New & Notable: What a difference a day makes

Being convicted and sentenced for a criminal offence has many consequences.  Some, like loss of liberty, are easily identifiable.  Others can be more properly characterized as collateral.  For Hoang Pham it was a collateral consequence that led to his appearance before our nation’s highest court: 2013 SCC 15


Mr. Pham, a non-citizen, was a drug dealer with a criminal record.  After being convicted of two drug offences, a joint submission was placed before the court for a two-year penitentiary sentence.  The sentencing judge agreed and the offender was sentenced to two years.  Unbeknownst to any of the parties, under the Immigration and Refugee Protection Act [IRPA], a non-citizen sentenced in Canada to a term of imprisonment of at least two years loses the right to appeal a removal order against him or her.

Upon coming to this realization, Mr. Pham appealed his sentence, asking for a reduction of one day to allow him to appeal the deportation order.  The Alberta Court of Appeal upheld the sentence holding that a reduction in sentence would only seek to undermine the IRPA and that the offender “had abused the hospitality afforded to him by Canada”.  Mr. Pham appealed to the Supreme Court.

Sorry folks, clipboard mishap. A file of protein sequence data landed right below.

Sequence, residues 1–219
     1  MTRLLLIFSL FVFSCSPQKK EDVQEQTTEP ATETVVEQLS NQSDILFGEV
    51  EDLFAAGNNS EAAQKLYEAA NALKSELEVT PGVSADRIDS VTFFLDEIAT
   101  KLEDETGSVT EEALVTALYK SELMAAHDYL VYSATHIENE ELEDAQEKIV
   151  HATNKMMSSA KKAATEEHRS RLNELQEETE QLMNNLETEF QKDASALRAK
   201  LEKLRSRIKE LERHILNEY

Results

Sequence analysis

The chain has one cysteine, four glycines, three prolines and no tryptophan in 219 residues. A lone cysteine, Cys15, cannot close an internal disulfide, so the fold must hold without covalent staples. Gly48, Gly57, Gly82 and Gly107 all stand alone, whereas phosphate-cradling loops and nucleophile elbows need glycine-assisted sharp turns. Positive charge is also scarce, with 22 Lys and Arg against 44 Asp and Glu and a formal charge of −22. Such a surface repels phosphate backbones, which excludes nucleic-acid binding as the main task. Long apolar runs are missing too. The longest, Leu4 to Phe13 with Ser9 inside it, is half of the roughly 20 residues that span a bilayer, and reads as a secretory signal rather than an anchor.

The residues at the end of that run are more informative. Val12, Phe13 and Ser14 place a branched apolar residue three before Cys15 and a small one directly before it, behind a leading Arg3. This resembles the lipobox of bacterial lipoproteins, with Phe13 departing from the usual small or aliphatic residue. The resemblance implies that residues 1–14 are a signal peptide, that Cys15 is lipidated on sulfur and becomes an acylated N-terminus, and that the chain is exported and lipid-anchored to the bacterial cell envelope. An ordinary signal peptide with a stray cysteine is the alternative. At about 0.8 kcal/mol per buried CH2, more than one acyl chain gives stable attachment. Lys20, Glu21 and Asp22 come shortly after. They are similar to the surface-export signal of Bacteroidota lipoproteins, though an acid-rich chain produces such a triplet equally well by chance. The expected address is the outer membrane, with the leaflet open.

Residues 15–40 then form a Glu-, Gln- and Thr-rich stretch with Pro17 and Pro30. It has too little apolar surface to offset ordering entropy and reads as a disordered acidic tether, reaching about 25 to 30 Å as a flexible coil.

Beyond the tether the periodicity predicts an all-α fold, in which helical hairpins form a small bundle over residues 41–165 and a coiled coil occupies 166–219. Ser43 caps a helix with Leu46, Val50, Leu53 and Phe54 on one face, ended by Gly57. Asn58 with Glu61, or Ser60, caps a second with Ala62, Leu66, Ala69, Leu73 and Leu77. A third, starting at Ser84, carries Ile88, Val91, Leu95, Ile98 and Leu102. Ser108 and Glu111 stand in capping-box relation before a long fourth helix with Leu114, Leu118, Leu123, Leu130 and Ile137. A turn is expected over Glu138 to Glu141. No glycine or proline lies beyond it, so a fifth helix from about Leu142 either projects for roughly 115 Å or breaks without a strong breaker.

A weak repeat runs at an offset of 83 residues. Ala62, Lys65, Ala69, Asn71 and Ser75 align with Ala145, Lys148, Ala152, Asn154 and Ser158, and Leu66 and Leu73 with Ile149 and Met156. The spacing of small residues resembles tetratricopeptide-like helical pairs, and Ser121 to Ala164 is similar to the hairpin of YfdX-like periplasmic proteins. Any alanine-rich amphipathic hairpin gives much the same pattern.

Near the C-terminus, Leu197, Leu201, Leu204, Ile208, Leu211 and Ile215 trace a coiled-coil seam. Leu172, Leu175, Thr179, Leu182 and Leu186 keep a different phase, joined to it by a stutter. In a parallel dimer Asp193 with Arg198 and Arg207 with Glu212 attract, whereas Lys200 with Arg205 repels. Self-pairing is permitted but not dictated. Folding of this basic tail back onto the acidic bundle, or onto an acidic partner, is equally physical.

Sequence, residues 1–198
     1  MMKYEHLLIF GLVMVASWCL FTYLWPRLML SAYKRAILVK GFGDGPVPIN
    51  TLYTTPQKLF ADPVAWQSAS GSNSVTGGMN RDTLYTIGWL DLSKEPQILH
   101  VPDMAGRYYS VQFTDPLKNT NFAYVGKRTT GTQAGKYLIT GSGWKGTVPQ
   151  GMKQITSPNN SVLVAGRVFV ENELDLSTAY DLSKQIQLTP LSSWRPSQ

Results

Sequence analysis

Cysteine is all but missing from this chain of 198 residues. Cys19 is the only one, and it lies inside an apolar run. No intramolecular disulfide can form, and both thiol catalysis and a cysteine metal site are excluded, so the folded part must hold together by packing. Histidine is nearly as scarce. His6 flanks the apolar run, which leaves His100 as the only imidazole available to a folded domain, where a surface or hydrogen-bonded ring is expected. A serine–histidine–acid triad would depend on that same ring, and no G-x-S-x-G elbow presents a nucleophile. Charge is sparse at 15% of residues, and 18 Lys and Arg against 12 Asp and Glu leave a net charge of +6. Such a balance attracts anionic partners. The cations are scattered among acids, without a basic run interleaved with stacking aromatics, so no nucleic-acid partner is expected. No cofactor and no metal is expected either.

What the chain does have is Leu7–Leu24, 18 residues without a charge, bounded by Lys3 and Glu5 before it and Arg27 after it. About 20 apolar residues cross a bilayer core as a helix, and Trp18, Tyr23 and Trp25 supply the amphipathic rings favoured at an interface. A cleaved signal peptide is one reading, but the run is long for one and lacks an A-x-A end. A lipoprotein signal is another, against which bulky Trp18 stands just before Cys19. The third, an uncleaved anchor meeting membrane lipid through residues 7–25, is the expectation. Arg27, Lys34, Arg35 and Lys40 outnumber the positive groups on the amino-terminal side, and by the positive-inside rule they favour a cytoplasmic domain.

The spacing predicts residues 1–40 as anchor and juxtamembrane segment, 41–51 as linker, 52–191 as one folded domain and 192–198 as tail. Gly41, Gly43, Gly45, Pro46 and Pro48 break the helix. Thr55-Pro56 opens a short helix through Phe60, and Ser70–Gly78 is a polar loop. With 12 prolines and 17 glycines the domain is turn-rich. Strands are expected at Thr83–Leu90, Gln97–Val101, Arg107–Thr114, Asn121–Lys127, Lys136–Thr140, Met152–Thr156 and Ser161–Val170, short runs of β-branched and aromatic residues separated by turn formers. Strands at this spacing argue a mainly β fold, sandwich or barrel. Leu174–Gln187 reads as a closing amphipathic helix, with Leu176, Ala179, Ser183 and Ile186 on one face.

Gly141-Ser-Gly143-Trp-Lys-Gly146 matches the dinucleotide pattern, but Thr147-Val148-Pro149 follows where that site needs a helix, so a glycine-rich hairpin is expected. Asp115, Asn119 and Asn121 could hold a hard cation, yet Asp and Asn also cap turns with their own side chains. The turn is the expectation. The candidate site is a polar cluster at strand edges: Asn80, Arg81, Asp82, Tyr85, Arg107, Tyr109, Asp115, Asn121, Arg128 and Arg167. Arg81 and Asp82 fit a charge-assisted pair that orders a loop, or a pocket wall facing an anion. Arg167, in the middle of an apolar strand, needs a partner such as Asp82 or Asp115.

In granting Mr. Pham’s appeal, the Supreme Court cited section 718 of the Criminal Code and held that collateral consequences of sentencing are proper considerations as they pertain specifically to “they circumstances of the offender” under section 718.1.

Importantly, however, the Court qualified its remarks stating that each case is fact specific and that artificial sentences should not be imposed solely to avoid collateral consequences.  Doing so would allow the collateral consequences to dominate the sentencing exercise, essentially misusing the statutory sentencing scheme and circumventing Parliament’s will.

With respect to this particular case, as highlighted at paragraph 25 of the decision, the Supreme Court specifically noted that the Crown conceded that had it been aware of the collateral consequences it would have agreed to a sentence of two years less a day for this joint submission.  The Crown further conceded that the sentencing judge would have imposed a two year less a day sentence had the court been made aware of the collateral immigration consequences.  On the basis of these fact specific concessions, the Court granted the Appeal.